“If you wish, I could read to you from a book, a well-written one, a better one.”

“Definitely not. It wouldn’t be the same. I want your stories, John. I insist.”

“If you say so, Love,” I said. Some days I didn’t know what to expect from her. She had me guessing and walking on eggshells ever since this damn disease took hold of us.

She pulled the top of her nightgown. I bent to straighten it, but she gently pushed my hand away. Old habits never die, I thought. Heather always liked doing things for herself.

Then I asked gwe with a tinge of caution, “Wouldn’t you rather I tell you real-life stories from our lives instead?”

“No, not at all. Write what feels right to you, John. What feels right to you feels right to me when you read your stories. Maybe it is the way you read anything. Just don’t sugar-coat them. I can accept dark stuff, too, in minute doses.” She laid her head back wearily upon the pillows, her one arm staying over the crumpled top sheet.

This was a relief of some sort. I was always hesitant talking about my family members or Ella and Nana, for example. I recognized there were things about real-life people that a writer, and especially a journalist-turned writer, cannot put in a story.

Anyhow, no story ever represents the precise truth, including those once experienced and later remembered ones. Beyond the twists of memory and events of life once duly lived, a storyteller knows not to let a few insignificant facts get in the way of a good story.

Despite what I thought, I still wanted to demand her contribution. “For tomorrow, maybe you choose the flower you want in the story, before I go.”

She didn’t answer. She was already asleep. I smoothed the sheets without touching her and pulled the quilt over them.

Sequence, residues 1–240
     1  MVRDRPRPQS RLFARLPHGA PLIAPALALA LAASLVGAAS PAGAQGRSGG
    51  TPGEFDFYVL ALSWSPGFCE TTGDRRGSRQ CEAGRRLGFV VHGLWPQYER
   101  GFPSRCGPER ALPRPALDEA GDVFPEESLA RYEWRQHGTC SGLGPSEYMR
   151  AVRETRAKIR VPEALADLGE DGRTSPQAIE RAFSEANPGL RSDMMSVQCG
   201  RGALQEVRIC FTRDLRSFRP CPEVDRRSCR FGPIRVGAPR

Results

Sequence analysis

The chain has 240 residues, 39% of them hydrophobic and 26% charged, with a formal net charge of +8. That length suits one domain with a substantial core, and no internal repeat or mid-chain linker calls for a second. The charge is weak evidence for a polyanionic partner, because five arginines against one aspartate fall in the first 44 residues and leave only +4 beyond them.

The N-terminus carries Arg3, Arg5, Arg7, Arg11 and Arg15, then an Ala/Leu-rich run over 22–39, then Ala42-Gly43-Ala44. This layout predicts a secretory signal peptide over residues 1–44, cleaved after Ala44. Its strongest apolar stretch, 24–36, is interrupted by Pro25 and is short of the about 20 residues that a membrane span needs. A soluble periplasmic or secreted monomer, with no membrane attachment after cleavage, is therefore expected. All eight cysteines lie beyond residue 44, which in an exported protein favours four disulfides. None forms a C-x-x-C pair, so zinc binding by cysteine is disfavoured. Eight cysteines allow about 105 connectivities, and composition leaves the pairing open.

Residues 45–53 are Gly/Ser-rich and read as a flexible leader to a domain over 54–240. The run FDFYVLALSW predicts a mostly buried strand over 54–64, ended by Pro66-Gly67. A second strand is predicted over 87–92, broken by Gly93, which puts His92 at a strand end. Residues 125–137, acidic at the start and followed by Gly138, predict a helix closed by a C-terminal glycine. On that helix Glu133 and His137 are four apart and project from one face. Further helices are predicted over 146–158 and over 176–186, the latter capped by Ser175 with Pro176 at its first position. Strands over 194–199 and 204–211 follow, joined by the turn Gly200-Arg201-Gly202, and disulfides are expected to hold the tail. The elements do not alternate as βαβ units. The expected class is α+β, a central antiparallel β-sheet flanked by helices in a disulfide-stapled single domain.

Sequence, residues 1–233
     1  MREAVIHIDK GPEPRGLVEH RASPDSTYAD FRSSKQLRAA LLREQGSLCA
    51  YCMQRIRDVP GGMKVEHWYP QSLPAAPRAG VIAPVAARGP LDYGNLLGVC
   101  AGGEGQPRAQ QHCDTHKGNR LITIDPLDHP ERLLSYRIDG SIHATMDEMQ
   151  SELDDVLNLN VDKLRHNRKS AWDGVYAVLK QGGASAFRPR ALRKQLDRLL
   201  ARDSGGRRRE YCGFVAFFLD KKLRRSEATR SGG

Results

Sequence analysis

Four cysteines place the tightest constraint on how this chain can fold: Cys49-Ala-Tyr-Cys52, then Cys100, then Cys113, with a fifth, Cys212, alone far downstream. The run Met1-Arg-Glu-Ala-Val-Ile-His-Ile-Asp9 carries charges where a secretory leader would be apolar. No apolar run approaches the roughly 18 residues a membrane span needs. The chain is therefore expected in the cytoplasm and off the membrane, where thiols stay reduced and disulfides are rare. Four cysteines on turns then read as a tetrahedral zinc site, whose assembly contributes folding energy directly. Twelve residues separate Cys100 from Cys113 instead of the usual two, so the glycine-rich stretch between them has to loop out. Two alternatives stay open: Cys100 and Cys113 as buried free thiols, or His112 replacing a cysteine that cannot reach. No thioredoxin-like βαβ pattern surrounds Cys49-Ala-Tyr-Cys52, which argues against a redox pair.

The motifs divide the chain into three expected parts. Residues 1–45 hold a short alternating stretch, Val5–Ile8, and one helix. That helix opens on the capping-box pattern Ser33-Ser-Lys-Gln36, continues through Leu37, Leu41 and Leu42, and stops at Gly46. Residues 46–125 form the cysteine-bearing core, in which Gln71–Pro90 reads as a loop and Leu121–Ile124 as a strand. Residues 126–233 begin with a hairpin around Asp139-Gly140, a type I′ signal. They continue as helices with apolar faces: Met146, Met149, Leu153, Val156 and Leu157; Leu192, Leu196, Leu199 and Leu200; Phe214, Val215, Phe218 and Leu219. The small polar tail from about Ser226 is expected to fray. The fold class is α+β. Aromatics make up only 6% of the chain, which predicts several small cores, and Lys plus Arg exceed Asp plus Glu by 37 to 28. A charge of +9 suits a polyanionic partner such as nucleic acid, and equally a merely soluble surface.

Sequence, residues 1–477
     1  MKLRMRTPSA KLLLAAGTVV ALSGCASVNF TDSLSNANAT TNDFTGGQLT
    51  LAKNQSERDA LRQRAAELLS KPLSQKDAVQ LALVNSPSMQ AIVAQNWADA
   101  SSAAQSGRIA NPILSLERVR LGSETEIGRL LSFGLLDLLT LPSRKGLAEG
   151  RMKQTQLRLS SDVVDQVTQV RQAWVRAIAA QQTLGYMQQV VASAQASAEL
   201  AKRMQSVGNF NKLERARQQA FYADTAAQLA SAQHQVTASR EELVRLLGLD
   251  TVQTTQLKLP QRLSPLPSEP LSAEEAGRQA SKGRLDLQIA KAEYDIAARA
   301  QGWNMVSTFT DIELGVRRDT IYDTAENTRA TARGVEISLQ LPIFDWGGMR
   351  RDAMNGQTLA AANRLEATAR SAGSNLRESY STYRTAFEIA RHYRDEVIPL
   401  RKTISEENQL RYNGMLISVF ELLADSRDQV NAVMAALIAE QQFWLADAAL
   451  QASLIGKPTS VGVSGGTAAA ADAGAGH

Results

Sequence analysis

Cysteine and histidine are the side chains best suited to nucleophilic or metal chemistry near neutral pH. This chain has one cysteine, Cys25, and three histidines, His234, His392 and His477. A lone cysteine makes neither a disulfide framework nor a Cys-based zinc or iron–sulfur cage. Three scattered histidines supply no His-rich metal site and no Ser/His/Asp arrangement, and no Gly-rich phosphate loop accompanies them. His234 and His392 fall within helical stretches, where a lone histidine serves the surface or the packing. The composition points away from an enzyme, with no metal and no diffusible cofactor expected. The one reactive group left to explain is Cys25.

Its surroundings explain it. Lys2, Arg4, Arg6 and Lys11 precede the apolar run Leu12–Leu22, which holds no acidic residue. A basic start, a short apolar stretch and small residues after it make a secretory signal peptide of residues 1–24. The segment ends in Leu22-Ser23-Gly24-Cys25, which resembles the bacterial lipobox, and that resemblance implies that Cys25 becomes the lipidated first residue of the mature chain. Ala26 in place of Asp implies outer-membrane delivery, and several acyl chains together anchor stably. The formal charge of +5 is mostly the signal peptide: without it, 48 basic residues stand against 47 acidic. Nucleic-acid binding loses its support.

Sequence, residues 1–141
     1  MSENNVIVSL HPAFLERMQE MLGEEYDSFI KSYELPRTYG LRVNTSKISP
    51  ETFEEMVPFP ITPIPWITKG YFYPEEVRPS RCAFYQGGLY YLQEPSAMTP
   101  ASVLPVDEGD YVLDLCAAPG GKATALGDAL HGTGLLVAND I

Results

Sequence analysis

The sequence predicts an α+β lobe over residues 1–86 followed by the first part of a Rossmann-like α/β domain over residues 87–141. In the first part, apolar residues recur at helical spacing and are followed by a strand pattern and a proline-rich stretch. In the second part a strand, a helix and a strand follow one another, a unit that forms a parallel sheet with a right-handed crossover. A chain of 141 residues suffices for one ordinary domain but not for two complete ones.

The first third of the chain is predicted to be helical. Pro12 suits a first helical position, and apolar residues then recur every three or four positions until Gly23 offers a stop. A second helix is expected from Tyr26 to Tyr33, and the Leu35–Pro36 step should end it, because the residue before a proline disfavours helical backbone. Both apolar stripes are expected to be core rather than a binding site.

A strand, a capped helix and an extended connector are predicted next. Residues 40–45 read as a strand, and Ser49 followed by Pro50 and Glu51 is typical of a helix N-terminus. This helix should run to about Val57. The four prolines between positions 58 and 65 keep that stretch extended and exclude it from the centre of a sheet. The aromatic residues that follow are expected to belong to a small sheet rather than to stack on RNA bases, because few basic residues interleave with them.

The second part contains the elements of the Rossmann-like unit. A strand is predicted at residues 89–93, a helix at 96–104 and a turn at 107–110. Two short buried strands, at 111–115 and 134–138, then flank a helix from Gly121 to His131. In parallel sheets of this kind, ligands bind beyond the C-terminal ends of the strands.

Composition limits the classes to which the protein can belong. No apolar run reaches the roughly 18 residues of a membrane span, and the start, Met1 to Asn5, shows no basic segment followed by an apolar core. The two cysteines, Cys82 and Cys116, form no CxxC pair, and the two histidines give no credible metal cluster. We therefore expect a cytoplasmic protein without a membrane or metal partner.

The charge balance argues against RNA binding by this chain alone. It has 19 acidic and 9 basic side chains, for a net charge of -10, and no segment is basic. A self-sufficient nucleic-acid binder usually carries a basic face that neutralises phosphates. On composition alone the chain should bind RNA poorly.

Dark stuff? She wanted a bit of dark stuff, too. How much darker could a story get than our present situation!

Mixed flowers in a basket


“NO fairer sight hath in the garden been
Throughout the summer since the birth of May
Than the tall blossoms which these plants display,
Set among sword-like leaves of lightest green.”
Robert Henry Forster

“Isn’t anybody here?”

Behind the door, Anisa failed to answer. She touched the stand in the entrance as if gathering strength from it.

More knocks on the door. “Anisa, are you there?”

She had made a series of bad decisions and had traced them back to their source. That source, Sherman, now stood on the other side of the door, calling her name.

On the stand stood a vase with several stems of blood-red and purple gladioli in it supporting immature flower buds at the tip of the spikes. She always liked the vision of these flowers for they meant character strength, sincerity, and generosity, having been named after the Roman gladiators and they did look like swords.

The woman who sold them to her by the side of the street had told her that the gladiolus symbolized love at first sight. What a dichotomy in the name, she thought. Sword and love. One of those had to cut out the other. If the sword is piercing the recipient’s heart, could it be called love?

She had once seen and admired a painting in UK, in London when an art dealer invited her to dinner in a little-known painter’s house where Alisa had found everything in the austerely laid-out apartment to be exceptionally of good taste. She had admired especially the artist’s work on the wall, as she had an unusual eye for enviable discoveries. Among the paintings, she had zeroed in on a painting the artist called Dancing Gladioli and had wanted to purchase it for the County Historic Society’s District Museum. Although she had already expressed her interest to the artist and her art dealer friend, her request was rejected by the society’s board due to the lack of funds. It wasn’t her first rejected request either, but she had felt put off and her taste as a conservator mocked at. In that painting, each stem of the gladioli had its own bottle to stand in like swords deserving hilts. Anisa, too, deserved her own hilt away from Sherman.